Coasting for the Kook: Annual Cardiff race raises funds for statue upkeep

The+first-place+group+costume+trophy+for+the+Cardiff+Kook+Run+on+Feb.+2+was+awarded+to+this+group%2C+dressed+as+the+Coaster.+%28Photo+by+Ellen+Wright%29

The first-place group costume trophy for the Cardiff Kook Run on Feb. 2 was awarded to this group, dressed as the Coaster. (Photo by Ellen Wright)

Ellen Wright

The third annual Cardiff Kook Run drew thousands of runners Super Bowl Sunday on Feb. 2 and shut down Coast Highway 101 from B Street to Cardiff State Beach.

More than 2,000 runners came for the 5K and 10K run, some festooned in costumes to honor the many outfits the bronze “Kook” statue, officially known as “Magic Carpet Ride,” has been adorned in.

A portion of the proceeds go to Cardiff 101 Main Street Foundation, according to co-founder Seth Brewer. “The goal is for maintenance and preservation of the Kook,” Brewer said.

Damage to the statue stems from the constant costumes people adorn the Kook in. “Although it’s all done in good spirit, the weekly damage to the statue is quite serious,” Brenda Dizon, president of the Cardiff 101 Main Street Association, said in the race program.

The money also goes towards park-related funding for the city. Brewer said proceeds are going toward building a disabled-access ramp behind the statue and a park in the same location.

A costume contest was held to encourage participants to have fun with the race.

Judges were looking for effort put into the get-ups as well as originality, according to judges Colleen McNanie and Gaila Lebherz. Runners could enter the contest as a group or individually.

The winners of the group contest dressed as the Coaster commuter train, with each person running as a cardboard train car complete with windows. The caboose brought up the rear and was dubbed “The Kookster.” The group ran in train formation the length of the run.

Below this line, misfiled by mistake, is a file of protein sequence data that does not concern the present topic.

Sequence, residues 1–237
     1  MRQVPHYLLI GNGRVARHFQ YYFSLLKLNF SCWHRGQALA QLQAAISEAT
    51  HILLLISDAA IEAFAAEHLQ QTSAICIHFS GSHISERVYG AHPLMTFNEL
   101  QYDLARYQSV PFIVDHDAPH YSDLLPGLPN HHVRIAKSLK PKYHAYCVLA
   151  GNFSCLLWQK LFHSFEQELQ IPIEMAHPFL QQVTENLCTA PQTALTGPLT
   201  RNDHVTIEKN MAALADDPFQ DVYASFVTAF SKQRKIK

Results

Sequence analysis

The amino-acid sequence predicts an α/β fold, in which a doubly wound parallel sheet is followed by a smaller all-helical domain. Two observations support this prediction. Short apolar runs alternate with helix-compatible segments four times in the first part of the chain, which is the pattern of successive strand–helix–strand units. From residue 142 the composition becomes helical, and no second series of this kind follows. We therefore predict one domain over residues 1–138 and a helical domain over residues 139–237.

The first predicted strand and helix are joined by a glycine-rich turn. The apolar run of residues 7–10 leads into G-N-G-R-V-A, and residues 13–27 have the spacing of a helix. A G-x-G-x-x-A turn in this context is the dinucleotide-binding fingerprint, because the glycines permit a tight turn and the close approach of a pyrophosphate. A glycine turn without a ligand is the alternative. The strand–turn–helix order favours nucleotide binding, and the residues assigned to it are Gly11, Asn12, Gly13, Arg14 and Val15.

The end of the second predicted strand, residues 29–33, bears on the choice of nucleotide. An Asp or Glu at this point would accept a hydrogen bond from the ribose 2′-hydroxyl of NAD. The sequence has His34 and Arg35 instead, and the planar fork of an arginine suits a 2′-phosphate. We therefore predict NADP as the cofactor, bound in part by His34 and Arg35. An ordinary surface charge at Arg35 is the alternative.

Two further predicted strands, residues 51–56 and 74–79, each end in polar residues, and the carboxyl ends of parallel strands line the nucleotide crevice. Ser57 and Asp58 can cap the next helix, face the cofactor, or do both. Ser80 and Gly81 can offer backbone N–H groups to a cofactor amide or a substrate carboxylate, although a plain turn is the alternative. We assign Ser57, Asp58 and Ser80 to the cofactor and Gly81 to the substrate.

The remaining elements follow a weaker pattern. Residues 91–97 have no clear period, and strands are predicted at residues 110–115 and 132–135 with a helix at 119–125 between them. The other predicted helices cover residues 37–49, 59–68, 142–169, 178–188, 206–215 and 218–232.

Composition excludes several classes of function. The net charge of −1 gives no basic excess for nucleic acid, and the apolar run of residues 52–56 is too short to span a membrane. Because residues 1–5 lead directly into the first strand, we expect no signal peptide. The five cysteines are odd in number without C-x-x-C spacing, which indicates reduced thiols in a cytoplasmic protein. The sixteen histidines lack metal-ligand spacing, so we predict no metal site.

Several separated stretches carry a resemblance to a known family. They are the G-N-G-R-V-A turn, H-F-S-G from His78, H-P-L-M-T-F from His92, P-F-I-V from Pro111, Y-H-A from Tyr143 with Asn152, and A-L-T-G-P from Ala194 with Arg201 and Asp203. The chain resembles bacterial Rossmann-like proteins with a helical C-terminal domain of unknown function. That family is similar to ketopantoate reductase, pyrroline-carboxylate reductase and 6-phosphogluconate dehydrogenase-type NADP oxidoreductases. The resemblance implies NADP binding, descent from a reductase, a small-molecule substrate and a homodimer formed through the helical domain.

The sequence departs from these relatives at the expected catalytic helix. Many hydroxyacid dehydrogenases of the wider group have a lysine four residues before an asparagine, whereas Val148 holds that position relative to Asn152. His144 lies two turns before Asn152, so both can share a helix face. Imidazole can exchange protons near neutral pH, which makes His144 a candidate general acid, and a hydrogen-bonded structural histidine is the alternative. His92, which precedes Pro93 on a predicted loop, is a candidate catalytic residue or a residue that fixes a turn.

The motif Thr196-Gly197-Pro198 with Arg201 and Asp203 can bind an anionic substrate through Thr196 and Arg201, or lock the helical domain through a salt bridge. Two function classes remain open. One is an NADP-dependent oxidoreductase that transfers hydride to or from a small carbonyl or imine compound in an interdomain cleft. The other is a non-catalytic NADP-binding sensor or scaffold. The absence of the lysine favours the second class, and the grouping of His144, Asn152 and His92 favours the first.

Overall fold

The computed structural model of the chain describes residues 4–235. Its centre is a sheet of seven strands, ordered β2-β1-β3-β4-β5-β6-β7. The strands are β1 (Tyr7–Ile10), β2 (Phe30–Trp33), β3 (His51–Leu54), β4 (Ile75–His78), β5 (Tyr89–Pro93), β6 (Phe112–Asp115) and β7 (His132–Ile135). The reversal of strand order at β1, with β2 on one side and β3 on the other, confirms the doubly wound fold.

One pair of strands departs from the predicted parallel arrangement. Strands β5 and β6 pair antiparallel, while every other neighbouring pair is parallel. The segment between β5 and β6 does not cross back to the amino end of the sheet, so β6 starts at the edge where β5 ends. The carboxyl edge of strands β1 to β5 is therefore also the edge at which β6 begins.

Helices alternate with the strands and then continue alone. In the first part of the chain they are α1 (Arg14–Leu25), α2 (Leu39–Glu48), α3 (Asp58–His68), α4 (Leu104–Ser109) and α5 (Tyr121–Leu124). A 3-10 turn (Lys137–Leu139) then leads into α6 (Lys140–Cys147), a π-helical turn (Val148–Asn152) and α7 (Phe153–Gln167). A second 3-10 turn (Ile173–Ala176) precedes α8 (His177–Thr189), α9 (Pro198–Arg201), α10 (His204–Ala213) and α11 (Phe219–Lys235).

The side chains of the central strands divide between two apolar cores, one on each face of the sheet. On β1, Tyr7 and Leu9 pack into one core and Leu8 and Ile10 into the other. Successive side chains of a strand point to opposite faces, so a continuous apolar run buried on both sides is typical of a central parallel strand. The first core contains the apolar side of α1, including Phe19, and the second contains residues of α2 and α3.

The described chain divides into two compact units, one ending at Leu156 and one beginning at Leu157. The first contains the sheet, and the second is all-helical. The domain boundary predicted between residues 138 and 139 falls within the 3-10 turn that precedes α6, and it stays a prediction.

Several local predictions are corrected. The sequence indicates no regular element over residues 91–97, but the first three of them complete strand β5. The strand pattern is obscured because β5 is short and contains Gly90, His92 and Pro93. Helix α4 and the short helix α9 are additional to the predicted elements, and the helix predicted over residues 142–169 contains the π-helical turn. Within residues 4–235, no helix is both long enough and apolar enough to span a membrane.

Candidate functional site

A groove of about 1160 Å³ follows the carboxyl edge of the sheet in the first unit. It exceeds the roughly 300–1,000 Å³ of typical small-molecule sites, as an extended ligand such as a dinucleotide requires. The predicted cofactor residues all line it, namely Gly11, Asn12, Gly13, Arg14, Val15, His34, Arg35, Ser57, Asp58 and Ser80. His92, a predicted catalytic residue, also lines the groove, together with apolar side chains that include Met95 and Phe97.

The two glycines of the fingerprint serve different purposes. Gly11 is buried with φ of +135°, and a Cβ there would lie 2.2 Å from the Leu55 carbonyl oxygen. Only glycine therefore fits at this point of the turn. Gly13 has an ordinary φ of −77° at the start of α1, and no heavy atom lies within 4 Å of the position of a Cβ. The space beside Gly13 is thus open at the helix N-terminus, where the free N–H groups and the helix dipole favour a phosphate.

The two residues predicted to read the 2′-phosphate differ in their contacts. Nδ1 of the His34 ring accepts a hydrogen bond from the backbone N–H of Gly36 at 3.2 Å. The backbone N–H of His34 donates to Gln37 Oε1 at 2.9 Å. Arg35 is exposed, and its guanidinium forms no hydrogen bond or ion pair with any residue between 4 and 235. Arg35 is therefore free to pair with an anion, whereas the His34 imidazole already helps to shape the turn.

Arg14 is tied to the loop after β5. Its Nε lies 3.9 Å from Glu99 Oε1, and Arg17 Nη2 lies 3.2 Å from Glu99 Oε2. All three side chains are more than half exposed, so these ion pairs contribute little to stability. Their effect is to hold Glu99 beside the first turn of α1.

Some of the other costume standouts included a swarm of bumblebees, crayons, prom dates and a giant foot.

Henry Chan ran barefoot while dressed in a giant foot costume.

“I’ve been running barefoot for four years. I run in costumes I can incorporate my bare feet, like Tarzan or Aladdin,” Chan said.

Each year, the run has changed routes, although the 10K loop has always passed the statue at the intersection of Coast Highway 101 and Chesterfield Avenue. Co-founder Steve Lebherz welcomed attendees to the “Big League,” referring to the new route taking over Coast Highway 101.

The run gave people a rare chance to take over the entire southbound portion of the highway overlooking the bluffs.

“When else can you run in the middle of the highway?” 10K runner Kayla Evans said.

Brewer and Lebherz started the run as a way to burn off calories before the big game.

“There aren’t runs on Super Bowl Sunday,” Brewer said. “People like to dress up and people like to have fun.”

Participants did both on Sunday, although some more serious runners were on hand for the 10K.

Heather Jackson won first place in the women’s 10K and set a new course record with a finish time of 34 minutes and 30 seconds. Okwara Rauru won the men’s 10K, finishing at 31 minutes and 26 seconds.

Ellen Wright is a North County freelance writer